Samsiah Abdul-Majid, spokeswoman for the President of the General Assembly, Razali Ismail (Malaysia), said that the Assembly would meet this afternoon to consider reports of its Fifth Committee (Administrative and Budgetary), which had concluded the first part of its resumed session last Thursday, 27 March.

Among the reports to be considered today, she said, was a draft resolution on the scale of assessments for the period 1998-2000. Reaffirming the principle that the expenses of the Organization should be apportioned according to capacity to pay, the Assembly would request the Committee on Contributions to present eight proposals based on a range of elements and criteria proposed by delegations. Of the eight sets of elements and criteria, only one called for a reduction of the existing ceiling rate from 25 per cent to 20 per cent. The other proposals kept the ceiling rate at 25 per cent.

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The Committee on Contributions, which advised the Assembly on the apportionment of the Organization's expenses, would be requested to present the proposals to the Assembly at its next regular session, she added.

Ms. Abdul-Majid said that the Assembly would also have before it a seven-part draft resolution on human resources management touching on a number of topics, such as the role of the Office of Human Resources Management of the Secretariat, human resources planning, recruitment, status of women and career development.

She said that the Committee had recommended among other measures that the Assembly request the Secretary-General to issue specific administrative instructions to establish clearly the responsibility and accountability of programme managers for proper use of human resources. The Secretary-General would also be requested to restrict the practice of temporary appointments of one year or more to temporary needs, for example, replacement of staff on field mission assignment and authorized leave; and to appoint more women at the D-1 level and above so as to reduce the gender gap and to reach the mandated target of 25 per cent women in senior decision-making level positions as soon as possible. In addition, the Assembly would endorse in principle the introduction of a dual-track system of career and non-career appointments and request the Secretary-General to submit to its fifty-third session detailed proposals for the implementation of that system.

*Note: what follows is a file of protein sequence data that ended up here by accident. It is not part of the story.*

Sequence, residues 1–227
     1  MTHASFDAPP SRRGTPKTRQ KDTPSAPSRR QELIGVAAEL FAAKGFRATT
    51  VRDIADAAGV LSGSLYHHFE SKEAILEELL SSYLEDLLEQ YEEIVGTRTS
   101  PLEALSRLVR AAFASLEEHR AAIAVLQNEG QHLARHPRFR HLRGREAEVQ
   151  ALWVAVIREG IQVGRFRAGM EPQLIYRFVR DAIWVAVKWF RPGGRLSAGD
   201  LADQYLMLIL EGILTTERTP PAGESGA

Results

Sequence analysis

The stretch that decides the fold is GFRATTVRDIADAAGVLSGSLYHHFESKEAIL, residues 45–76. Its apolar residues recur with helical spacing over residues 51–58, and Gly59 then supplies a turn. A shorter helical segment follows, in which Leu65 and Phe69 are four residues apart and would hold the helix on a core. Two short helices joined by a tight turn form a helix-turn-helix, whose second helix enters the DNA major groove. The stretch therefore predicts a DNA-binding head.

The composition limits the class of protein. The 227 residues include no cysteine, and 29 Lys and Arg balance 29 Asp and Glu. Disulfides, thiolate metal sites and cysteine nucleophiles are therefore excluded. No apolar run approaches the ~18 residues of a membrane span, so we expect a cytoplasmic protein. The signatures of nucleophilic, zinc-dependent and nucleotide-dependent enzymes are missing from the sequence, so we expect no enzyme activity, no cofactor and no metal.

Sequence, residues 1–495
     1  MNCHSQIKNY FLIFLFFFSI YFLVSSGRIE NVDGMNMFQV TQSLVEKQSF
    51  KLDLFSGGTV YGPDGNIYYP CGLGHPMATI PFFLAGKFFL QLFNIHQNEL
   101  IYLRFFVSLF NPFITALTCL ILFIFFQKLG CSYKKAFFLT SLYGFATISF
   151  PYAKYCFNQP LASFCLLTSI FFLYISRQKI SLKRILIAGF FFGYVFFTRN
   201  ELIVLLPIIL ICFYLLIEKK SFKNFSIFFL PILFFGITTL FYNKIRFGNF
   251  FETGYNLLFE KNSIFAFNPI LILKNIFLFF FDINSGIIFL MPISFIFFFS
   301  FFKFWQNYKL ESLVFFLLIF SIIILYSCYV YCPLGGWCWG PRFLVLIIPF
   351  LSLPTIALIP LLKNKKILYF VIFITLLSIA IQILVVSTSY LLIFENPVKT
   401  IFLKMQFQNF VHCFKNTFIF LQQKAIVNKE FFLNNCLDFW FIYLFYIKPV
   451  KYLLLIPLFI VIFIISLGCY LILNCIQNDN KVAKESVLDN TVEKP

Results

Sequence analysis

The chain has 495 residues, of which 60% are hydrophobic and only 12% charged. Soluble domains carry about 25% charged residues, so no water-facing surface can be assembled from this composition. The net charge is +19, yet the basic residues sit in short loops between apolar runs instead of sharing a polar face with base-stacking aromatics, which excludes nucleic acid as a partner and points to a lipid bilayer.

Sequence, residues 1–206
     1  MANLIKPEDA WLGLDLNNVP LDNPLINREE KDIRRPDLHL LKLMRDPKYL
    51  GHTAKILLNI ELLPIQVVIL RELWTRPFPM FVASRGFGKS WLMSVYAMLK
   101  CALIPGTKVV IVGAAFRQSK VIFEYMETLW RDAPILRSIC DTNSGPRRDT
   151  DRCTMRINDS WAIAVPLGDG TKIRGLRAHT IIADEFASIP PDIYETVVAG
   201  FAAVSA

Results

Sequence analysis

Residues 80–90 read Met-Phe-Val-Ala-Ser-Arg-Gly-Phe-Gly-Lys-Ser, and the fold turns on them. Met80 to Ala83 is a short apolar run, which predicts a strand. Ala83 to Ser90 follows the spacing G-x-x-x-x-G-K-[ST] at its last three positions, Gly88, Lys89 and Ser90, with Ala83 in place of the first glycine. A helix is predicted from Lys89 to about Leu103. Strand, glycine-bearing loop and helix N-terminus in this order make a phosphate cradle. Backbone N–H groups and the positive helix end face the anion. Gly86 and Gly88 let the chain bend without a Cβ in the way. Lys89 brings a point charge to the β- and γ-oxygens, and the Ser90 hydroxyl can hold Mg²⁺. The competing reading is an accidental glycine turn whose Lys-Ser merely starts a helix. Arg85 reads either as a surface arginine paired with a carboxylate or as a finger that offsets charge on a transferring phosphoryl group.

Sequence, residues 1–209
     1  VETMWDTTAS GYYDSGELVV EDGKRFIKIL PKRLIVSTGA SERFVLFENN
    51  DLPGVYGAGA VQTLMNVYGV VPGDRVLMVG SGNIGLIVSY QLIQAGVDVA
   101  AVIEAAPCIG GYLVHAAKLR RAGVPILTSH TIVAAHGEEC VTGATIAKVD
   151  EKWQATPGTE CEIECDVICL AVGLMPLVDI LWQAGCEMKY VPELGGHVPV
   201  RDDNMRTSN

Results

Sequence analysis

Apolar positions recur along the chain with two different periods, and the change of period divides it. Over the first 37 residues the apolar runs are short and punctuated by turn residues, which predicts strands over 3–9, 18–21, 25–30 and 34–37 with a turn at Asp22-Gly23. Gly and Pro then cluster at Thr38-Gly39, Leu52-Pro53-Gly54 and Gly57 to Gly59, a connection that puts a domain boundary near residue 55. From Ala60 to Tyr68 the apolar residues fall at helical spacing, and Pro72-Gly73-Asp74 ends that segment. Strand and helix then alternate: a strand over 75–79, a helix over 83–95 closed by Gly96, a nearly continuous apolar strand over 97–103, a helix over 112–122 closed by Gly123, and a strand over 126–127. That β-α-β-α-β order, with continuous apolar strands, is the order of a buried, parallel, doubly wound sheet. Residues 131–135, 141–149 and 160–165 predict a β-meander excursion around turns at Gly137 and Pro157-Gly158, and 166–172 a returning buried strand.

Another item was on the financing of the Military Observer Group for the United Nations Verification Mission in Guatemala (MINUGUA), the spokeswoman said. The Fifth Committee was recommending that the Assembly request the Secretary-General to establish a special account for the Group and appropriate and apportion among Member States $4 million for the period 15 February to 31 May. She recalled that the attachment of the Group to the Mission was authorized by the Security Council in resolution 1094 (1997) of 20 January.

On gratis personnel, Ms. Abdul-Majid said, the Assembly would decide to defer consideration of the report of the Secretary-General and the Advisory Committee on Administrative and Budgetary Questions (ACABQ) on gratis personnel until the second part of the resumed session, which was scheduled to begin on 12 May. Pending a final decision, the Assembly would request the Secretary-General not to expand the number of gratis personnel currently implementing mandated activities mentioned in his report. The report of the ACABQ indicated that there were 443 such personnel as of 30 January 1997. Of those, 125 were in the Department of Peace-keeping Operations, 112 in the United Nations Special Commission for the Disarmament of Iraq (UNSCOM), 66 in the Department of Humanitarian Affairs, 87 for the International Tribunals for the former Yugoslav and Rwanda, and 49 in other departments. The Assembly would request the Secretary-General to review the proposed guidelines included in his report for the acceptance of gratis personnel, and to submit a report before 12 May for consideration during the second resumed session.

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In a final question, Mr. Eckhard was asked if the Secretary-General had any comment on that draft resolution which the Fifth Committee had endorsed and which was a massive vote of no confidence in the management of the United Nations. The Spokesman said that at this time, the Secretary-General had no comments.

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For information media. Not an official record.